Saturday, June 7, 2008

J.K. Rowling's Commencement Speech on the Power of the Imagination

Why it's so important to open up the imagination in schools, discuss, learn, and understand other cultures, eloquently put forth in J.K. Rowling's commencement speech at Harvard. You can view the full video at the site.
Unlike any other creature on this planet, humans can learn and understand, without having experienced. They can think themselves into other people's minds, imagine themselves into other people's places.

Of course, this is a power, like my brand of fictional magic, that is morally neutral. One might use such an ability to manipulate, or control, just as much as to understand or sympathise.

And many prefer not to exercise their imaginations at all. They choose to remain comfortably within the bounds of their own experience, never troubling to wonder how it would feel to have been born other than they are. They can refuse to hear screams or to peer inside cages; they can close their minds and hearts to any suffering that does not touch them personally; they can refuse to know.

I might be tempted to envy people who can live that way, except that I do not think they have any fewer nightmares than I do. Choosing to live in narrow spaces can lead to a form of mental agoraphobia, and that brings its own terrors. I think the wilfully unimaginative see more monsters. They are often more afraid.
When we fire teachers for being too Afro-centric in their teaching, when we attempt to pass laws that limit or ban multiculturalism in schools, when we attack schools like the Khalil Gibran International Academy, when we are scared to confront world realities in our classroom, we are choosing to live in these narrow spaces. 

But when we value the varied experiences of our students, when we study the horrors that can happen in our world, when we go beyond tolerance to challenge our heteronormative assumptions within our schools and classrooms, we choose to engage in the challenging, scary, risky, and wonderful spaces that fully employ our imaginative capabilities, ask us to change our assumptions, and push educators and students to grow together.

Book To Check Out: Slavery by Another Name

Matthew Yglesias at The Atlantic recommends Slavery by Another Name: The Re-Enslavement of Black Americans from the Civil War to World War II by Douglas Blackmon. At the book's website you can find more information about Blackmon, an exerpt from the book, and an interactive map and media.
...what's really striking about the subject is that despite how central the story of racial conflict is to the story of America, and despite how well-known certain key episodes in that history are, the shocking story that Blackmon has to tell here is virtually unknown.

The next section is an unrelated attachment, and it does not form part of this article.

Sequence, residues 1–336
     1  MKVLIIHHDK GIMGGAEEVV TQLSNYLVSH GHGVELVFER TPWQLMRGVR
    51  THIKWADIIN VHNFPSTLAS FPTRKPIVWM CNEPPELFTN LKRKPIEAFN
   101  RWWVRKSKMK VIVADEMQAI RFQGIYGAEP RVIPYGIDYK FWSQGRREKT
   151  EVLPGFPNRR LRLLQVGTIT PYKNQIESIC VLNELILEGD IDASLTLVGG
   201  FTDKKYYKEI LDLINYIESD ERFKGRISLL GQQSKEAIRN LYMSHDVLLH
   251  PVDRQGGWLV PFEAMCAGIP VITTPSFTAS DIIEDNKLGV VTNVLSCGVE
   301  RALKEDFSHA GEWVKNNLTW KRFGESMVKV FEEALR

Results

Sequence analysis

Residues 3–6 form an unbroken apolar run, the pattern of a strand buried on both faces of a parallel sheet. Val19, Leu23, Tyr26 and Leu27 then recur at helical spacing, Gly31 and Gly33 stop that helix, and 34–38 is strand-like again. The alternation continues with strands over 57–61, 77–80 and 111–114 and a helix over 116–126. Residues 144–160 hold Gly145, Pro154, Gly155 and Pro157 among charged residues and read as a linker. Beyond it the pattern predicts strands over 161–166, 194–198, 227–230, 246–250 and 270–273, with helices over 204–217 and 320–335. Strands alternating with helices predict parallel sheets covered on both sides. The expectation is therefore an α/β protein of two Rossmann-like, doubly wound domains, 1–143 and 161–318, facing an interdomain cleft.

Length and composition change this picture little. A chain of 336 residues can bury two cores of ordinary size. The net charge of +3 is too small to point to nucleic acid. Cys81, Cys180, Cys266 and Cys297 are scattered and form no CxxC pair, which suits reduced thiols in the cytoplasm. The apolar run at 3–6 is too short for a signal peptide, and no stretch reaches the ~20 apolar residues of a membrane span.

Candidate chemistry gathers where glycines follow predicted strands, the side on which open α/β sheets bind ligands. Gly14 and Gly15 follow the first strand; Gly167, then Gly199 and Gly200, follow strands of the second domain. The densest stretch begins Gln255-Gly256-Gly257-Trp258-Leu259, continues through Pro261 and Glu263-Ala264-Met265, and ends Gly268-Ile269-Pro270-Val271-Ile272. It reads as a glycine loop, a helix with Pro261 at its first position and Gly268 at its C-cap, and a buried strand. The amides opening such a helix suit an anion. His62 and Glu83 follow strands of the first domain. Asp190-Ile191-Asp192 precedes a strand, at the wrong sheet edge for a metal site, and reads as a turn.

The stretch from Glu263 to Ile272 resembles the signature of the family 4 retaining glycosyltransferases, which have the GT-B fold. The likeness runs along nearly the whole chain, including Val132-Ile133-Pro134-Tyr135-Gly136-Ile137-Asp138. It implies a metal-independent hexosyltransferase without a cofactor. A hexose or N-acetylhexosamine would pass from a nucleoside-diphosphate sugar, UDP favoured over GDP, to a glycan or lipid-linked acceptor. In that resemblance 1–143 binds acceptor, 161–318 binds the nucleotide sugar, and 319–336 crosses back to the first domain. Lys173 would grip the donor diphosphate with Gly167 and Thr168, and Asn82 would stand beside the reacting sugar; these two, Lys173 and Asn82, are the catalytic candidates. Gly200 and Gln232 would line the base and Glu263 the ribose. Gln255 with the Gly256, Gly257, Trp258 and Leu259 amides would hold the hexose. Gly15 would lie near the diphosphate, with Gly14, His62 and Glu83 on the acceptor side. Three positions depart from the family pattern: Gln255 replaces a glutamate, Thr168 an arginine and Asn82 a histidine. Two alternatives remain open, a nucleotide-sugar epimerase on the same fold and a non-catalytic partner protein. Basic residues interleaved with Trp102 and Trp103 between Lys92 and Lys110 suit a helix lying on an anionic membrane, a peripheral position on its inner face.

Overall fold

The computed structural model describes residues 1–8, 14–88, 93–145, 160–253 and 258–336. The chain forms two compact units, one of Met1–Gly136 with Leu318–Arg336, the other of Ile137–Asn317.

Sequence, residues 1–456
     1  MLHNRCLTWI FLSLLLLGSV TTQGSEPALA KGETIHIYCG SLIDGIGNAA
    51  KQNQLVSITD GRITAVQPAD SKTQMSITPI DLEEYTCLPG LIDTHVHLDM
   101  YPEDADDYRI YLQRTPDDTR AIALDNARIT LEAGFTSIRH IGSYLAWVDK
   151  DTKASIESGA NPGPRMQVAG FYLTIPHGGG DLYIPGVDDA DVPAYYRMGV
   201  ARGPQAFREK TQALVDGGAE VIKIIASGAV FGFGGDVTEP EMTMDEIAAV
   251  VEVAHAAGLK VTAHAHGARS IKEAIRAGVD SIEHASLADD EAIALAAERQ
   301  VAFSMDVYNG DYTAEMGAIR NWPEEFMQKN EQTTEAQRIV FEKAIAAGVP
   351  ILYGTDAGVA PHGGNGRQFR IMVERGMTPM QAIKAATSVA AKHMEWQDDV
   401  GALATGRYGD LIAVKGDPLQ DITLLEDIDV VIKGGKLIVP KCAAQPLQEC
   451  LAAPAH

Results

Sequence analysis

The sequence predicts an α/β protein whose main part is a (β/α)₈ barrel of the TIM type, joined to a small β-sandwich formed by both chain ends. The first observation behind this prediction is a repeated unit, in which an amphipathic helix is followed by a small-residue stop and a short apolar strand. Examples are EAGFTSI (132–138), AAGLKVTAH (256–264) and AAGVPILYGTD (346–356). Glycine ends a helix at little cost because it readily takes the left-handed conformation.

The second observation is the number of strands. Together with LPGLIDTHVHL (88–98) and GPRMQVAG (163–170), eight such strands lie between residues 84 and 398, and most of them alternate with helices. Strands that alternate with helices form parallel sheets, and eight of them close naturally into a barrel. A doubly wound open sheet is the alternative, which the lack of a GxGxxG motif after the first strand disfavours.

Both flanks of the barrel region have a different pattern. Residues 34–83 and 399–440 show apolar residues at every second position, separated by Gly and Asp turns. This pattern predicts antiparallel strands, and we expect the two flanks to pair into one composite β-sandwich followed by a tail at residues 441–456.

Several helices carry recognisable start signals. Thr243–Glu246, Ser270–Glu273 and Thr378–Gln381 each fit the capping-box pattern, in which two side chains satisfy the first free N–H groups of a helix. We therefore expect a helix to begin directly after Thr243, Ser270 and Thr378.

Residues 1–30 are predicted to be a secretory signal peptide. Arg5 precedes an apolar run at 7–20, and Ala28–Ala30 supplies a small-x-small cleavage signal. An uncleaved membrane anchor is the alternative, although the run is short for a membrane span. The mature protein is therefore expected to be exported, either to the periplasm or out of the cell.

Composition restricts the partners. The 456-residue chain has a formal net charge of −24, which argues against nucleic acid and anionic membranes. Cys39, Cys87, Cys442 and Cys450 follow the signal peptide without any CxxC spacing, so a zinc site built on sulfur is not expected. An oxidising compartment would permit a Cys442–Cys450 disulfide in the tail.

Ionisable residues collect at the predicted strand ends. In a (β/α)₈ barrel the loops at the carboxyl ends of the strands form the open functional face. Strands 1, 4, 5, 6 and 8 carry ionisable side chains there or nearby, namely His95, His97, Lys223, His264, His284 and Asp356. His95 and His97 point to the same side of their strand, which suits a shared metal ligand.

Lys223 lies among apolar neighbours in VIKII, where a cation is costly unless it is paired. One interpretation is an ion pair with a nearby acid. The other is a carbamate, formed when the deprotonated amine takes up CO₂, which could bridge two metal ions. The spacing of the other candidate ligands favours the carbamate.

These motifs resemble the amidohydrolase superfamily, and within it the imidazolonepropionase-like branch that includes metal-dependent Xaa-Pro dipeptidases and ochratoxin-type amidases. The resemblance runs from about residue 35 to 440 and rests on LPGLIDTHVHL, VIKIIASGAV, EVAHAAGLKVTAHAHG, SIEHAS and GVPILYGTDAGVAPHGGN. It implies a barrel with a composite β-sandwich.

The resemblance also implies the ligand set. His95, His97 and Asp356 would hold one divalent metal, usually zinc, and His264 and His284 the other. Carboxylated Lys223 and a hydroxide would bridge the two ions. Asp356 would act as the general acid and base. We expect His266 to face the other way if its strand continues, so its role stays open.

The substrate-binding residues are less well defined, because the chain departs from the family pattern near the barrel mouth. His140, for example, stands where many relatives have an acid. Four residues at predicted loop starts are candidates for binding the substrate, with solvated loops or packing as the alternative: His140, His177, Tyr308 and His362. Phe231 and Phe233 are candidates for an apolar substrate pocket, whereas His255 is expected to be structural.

I assume that this kind of thing forms part of the basis of black-white gaps in perception in the United States. The white version of American history certainly admits to the existence of racial oppression, but it's a very optimistic "up from slavery" story where the key figures are the heroes and the key episodes are the ones in which the good guys lost. But for fifty-five or sixty years following the collapse of the Confederacy, the cause of racial equality suffered nothing but setbacks. African-Americans are no doubt largely ignorant of these obscure episodes in a formal sense, but since it's literally part of their family background the history of backsliding and abandonment is going to color the black community's perception of progress made thus far.
It's one thing to recognize that America once tolerated great injustices and then put a stop to them. It's another thing entirely to recognize that the injustices came back and the whole period in which they did so has been expurgated from our official narrative.
The history that we don't seem to teach about in schools. From
In 2000, the National Association of Black Journalists recognized Blackmon’s stories revealing the secret role of J.P. Morgan & Co. during the 1960s in funneling funds between a wealthy northern white supremacist and segregationists fighting the Civil Rights Movement in the South. A year later, he revealed in the Journal how U.S. Steel Corp. relied on forced black laborers in Alabama coal mines in the early 20th century, an article which led to his first book, Slavery By Another Name, which broadly examines how a form of neoslavery thrived in the U.S. long after legal abolition.